Freelance Journalist Interview with Lexy Barber

About your journalism

What do you write about?

After several years jobbing between publishing and events roles, I finally took the leap to become a freelancer. My experience in full-time employment has allowed me to develop a wide range of topic knowledge, from health topics based within a charity and on a health magazine, to financial issues learned within a conference production role, to lifestyle in social media positions. I'm a knowledge sponge, and this was one of the reasons that full-time paid posts never satisfied me – I would learn all I could about a subject and then want to find out more, about other things. Freelance copywriting means you can throw yourself into each project with fresh eyes, and really broaden your knowledge horizons at the same time. It has also allowed me to study my Masters in General Law and Social Justice with more flexibility than a full-time job, too.

What’s the most memorable work you’ve done?

The most memorable piece has to be the book review I did for Jeanette Winterson's Why Be Happy When You Can Be Normal? Her writing is absolutely compelling, but she blurs the line of author and fiction in a unique fashion which fascinates me. It was the first piece I'd written that went up as is, with no edits from the Spiked team – I knew then that I could write!

Minimising Wastage, Hello Fresh blog

Underestimating Overeating, Hello Fresh blog

'The Latest Draft of the Jeanette Winterson Story', Spiked Online

'In Defence of Charities', The Independent Blogs

100 Word Story, Reader's Digest

What feature would you love the chance to do?

My main areas of interest lie within health and lifestyle, particularly on LGBT issues which – while on the increase in mainstream media – could still do with a larger profile. The recent hoo-ha over gay marriage has been an interesting insight into broader views on these issues, and I think has opened many doors for open discussions which previously didn't exist, and that makes the future very exciting indeed.

About you and PRs

How can PRs be useful to you?

I'd say that the ones who do their research and know what I like to write about and don't spam me are the best! I will often take an idea from a press release and take an original angle to make an interesting pitch.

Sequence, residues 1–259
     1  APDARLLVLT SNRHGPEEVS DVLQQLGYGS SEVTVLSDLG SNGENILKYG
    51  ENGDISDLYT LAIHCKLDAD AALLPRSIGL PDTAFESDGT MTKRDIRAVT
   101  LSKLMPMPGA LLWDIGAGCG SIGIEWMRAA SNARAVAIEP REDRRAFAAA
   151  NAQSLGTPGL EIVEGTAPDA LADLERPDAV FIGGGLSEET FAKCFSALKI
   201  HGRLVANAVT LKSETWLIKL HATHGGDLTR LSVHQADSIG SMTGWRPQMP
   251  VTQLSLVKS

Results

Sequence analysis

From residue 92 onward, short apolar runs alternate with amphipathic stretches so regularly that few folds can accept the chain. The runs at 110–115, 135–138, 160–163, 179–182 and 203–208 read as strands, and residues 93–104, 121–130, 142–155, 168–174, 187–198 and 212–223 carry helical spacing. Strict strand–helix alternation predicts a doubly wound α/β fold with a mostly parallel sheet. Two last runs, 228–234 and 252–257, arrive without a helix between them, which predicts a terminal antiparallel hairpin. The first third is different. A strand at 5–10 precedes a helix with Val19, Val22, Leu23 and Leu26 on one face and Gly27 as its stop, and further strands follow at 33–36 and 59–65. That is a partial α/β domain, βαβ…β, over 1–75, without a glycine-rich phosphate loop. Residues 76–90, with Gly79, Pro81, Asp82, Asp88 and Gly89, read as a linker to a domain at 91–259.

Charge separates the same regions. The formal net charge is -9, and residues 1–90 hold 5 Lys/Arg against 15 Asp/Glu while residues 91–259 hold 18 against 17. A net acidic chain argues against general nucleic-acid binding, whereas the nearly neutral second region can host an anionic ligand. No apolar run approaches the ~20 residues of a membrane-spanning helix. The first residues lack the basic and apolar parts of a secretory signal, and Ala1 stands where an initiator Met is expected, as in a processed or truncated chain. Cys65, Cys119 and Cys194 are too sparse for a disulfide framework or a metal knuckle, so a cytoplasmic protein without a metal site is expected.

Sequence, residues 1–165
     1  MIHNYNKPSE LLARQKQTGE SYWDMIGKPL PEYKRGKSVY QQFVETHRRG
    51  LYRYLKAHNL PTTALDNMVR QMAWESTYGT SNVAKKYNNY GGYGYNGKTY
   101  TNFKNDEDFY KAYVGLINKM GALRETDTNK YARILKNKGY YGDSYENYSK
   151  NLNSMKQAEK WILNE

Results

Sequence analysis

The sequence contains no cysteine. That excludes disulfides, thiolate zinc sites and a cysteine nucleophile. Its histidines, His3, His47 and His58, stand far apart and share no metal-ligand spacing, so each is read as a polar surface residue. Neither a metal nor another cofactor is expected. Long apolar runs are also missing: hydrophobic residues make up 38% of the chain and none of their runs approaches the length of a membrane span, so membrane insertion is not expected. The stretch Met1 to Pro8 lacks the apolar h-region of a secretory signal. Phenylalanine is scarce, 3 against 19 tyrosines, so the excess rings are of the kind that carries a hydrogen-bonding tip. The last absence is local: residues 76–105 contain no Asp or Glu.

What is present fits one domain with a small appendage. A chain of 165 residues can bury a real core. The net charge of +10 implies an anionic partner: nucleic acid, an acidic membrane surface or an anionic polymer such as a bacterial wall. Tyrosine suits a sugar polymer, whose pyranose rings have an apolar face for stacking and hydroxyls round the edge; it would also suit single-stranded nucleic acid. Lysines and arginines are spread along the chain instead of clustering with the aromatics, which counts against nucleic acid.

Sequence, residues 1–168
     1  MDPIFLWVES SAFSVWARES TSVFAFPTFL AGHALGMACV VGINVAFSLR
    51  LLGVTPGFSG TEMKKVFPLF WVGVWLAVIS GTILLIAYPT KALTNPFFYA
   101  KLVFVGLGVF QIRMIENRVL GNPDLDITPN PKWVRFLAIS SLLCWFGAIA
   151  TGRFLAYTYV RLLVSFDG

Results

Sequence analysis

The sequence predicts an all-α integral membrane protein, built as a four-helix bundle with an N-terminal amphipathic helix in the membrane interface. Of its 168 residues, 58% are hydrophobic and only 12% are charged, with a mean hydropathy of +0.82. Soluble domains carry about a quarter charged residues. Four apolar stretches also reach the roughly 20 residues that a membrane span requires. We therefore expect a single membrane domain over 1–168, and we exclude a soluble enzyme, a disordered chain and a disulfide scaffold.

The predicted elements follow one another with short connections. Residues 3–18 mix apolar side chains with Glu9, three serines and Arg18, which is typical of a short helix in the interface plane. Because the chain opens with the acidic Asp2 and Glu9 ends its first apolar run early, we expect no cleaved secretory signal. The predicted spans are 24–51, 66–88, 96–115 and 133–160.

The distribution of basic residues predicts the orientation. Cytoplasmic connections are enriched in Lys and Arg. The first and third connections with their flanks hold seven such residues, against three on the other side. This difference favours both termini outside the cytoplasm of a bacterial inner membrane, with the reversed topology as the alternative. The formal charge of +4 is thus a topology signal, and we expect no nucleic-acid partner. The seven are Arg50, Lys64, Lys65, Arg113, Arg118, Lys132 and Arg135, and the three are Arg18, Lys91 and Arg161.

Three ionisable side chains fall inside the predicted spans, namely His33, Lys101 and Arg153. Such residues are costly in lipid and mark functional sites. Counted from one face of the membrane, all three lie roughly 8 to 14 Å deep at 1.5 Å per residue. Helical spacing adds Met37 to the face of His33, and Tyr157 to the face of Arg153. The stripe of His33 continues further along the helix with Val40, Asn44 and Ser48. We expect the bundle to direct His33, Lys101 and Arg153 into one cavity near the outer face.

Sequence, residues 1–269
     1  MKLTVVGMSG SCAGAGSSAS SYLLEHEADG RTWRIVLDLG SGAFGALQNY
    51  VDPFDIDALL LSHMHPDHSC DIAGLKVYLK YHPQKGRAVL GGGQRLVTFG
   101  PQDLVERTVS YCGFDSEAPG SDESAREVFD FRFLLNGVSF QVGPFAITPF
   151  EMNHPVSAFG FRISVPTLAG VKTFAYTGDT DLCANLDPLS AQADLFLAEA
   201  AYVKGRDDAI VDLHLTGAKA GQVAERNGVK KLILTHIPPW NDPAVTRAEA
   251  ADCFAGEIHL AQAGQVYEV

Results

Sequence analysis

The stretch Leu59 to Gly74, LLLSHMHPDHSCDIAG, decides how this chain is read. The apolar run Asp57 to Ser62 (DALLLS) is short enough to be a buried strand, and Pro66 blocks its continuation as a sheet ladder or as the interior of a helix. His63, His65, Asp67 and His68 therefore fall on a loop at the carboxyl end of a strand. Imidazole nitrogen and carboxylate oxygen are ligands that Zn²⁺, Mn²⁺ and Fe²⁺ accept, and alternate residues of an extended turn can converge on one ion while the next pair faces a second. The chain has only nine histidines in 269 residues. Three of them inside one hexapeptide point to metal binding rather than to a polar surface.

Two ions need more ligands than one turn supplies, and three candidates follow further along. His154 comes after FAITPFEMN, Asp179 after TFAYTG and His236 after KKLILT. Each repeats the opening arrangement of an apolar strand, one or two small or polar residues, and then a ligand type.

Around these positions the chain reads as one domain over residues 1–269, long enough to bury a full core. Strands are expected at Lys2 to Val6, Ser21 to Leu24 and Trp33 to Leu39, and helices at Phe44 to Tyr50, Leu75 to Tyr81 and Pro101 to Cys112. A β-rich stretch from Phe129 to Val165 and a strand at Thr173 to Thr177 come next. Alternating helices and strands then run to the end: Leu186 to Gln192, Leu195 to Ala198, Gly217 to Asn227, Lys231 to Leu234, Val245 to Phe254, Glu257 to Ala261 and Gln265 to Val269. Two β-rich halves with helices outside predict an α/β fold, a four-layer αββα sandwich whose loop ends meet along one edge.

About you

How would you pay the bills if you weren’t a journalist?

If I weren't a writer, I don't know what I would do with myself to be perfectly honest. I have had a varied career path, but always ended up in roles which involved word creation and communication. It has never crossed my mind that I would be anything else BUT a writer. The only other thing I would probably be useful for is a tour guide; I am fascinated in trivia and history and know a lot of silly facts about the history of London in particular.

If we gave you £1000, how would you spend it?

If I was given £1000 and it was absolutely forbidden to do all the boring things with it like paying the bills, I would finally get the puppy I have always wanted, and lavish it with something ridiculous like a jewel-encrusted lead, just because. Why would I get a puppy? Mainly to provide legitimacy to the habit of talking to oneself. Every home-working freelancer does that…don't they?

What books are on your bedside table, magazines in your bag, or blogs on your screen?

I suppose I am more of a health nut than most would assume (given my physique, that's probably another reason to get a puppy – endless walks), when considering the only magazines I read every month without fail are Zest and Healthy. I rely on DIVA for my LGBTI updates, too. I challenge myself to read a new magazine or paper every week, which has been so much easier since getting my beloved Kindle! Writing Magazine in particular is great, but find it can be more of a hindrance than a help, because it gives me lots and lots of ideas which can be dangerous! I have to limit myself to reading it every other month, otherwise I'd never see the light of day for writing so much.


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